The rest of the article describes the current state of France with its stagnant salaries, high unemployment, and social unrest. The title of Mr. Gurfinkiel's article is "Can France be Saved?" He is not optimistic.

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Saturday, May 05, 2007

Racism in the Ivy League

Prof. Justin Wolfers of Wharton studied basketball from 1991 through 2004 and claims that referees displayed a racial bias. James Taranto notes how Prof. Wolfers himself views race:

'Opposite Race'

Here's a little something that rankled us about that NBA study (link in PDF):

We find that--even conditioning on player and referee fixed effects (and specific game fixed effects)--that more personal fouls are awarded against players when they are officiated by an opposite-race officiating crew than when officiated by an own-race refereeing crew.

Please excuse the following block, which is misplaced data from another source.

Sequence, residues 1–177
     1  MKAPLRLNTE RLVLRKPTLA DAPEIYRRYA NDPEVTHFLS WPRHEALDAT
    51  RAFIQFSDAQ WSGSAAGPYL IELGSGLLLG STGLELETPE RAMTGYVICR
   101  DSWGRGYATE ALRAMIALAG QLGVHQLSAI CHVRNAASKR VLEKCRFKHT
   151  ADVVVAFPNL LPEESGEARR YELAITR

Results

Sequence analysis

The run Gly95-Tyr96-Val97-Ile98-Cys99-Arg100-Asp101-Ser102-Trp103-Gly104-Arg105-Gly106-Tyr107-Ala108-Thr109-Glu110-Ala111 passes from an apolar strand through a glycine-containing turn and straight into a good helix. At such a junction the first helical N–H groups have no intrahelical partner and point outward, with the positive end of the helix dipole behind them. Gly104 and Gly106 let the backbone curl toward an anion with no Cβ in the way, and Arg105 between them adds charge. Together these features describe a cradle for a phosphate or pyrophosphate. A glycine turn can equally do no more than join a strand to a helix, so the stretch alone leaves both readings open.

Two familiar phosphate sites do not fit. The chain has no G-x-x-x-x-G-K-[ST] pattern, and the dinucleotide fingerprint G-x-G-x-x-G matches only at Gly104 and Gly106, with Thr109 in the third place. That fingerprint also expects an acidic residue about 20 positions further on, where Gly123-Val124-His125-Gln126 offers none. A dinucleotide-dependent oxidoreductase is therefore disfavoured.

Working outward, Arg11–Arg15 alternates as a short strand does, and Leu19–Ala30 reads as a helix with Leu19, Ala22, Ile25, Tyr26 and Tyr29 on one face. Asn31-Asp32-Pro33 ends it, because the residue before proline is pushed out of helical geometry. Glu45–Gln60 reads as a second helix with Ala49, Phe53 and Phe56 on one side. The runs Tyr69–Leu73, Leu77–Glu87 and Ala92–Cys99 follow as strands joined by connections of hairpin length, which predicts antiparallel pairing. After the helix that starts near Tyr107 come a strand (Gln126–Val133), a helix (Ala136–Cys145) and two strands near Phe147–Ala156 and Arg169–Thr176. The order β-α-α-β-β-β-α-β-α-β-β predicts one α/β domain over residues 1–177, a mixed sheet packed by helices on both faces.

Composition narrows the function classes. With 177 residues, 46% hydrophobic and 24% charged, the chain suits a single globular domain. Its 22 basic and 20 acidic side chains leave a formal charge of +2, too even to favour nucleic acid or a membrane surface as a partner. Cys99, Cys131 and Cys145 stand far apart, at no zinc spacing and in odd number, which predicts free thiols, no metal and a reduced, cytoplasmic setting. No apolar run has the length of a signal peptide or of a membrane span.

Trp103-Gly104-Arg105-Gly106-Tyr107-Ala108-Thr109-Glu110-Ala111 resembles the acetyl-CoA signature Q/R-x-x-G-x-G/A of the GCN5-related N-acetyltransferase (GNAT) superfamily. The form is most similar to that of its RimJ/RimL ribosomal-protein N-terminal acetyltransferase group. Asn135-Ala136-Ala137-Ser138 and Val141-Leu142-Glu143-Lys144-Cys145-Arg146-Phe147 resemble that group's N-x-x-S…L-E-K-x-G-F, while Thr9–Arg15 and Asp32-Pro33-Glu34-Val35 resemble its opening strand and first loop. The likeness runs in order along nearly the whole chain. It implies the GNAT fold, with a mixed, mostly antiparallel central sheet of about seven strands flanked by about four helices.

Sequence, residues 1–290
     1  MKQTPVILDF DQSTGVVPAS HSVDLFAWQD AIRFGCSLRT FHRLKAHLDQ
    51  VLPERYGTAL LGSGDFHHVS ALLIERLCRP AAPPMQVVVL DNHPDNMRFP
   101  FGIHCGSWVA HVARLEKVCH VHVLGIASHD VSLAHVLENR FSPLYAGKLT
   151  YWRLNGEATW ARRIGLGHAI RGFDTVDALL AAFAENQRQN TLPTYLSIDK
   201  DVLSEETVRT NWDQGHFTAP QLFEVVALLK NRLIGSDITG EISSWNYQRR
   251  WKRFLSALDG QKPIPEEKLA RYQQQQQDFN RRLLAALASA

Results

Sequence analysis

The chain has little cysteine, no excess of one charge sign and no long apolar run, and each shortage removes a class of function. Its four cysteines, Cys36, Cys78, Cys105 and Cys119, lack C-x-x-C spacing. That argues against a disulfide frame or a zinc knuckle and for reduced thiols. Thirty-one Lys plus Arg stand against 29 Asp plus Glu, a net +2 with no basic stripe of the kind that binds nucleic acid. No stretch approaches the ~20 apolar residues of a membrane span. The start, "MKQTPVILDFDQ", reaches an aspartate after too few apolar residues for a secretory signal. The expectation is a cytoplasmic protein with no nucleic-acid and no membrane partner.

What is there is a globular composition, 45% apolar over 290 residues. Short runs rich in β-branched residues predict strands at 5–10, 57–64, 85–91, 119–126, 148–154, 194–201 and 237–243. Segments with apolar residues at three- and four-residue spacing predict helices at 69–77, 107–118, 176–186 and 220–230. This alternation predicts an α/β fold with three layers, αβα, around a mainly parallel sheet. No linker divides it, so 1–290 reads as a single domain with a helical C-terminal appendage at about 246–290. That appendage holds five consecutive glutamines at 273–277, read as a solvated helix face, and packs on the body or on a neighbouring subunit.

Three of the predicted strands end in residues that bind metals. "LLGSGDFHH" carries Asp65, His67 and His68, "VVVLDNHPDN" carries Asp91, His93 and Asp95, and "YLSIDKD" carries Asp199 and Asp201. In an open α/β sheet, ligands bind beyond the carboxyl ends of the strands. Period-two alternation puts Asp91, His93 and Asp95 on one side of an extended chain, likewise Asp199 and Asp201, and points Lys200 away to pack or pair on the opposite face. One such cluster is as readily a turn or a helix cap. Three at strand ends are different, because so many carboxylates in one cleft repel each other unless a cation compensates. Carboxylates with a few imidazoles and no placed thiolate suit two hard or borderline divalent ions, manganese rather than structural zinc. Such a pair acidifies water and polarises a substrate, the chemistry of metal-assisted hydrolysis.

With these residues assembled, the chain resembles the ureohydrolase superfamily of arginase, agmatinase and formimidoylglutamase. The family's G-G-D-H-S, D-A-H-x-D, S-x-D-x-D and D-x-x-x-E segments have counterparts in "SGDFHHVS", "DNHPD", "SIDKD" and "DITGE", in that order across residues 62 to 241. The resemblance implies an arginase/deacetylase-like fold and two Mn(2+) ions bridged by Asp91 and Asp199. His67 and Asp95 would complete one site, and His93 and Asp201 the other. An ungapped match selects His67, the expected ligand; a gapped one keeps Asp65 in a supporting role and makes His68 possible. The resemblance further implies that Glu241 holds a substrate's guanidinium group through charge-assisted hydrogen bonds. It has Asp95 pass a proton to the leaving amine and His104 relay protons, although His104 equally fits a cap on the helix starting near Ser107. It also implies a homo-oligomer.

That's from the abstract. The phrase "opposite race" appears 31 times in the paper itself (including as a hyphenated antecedent adjective but excluding table headings). And it turns out these guys didn't invent the term. A Google search turns up nearly 50,000 pages, some of which are from other academic studies.

Are we alone in thinking it invidious to refer to blacks and whites as "opposite races"? True, the colors black and white are opposites (to be precise, each is either the absence or presence of all colors, depending on whether the reference is to pigmentation or light). But if you're "black" or "white" and you look in the mirror, what you see will be either a shade of brown or a sort of pinkish light beige.

It seems likely that the phrase "opposite race" is an analogy to "opposite sex." But men and women really are opposites, at least as far as sex goes. And whereas both sexes need each other to carry on the species, mankind has no need for either a white or a black race. China has 1.3 billion people, most of whom are neither "black" nor "white."

Here's what's really problematic about this analogy, though: Opposite sexes imply that certain social roles can be filled only by one sex or the other. Only a man can be a father, husband, brother or uncle; only a woman can be a mother, wife, sister or aunt.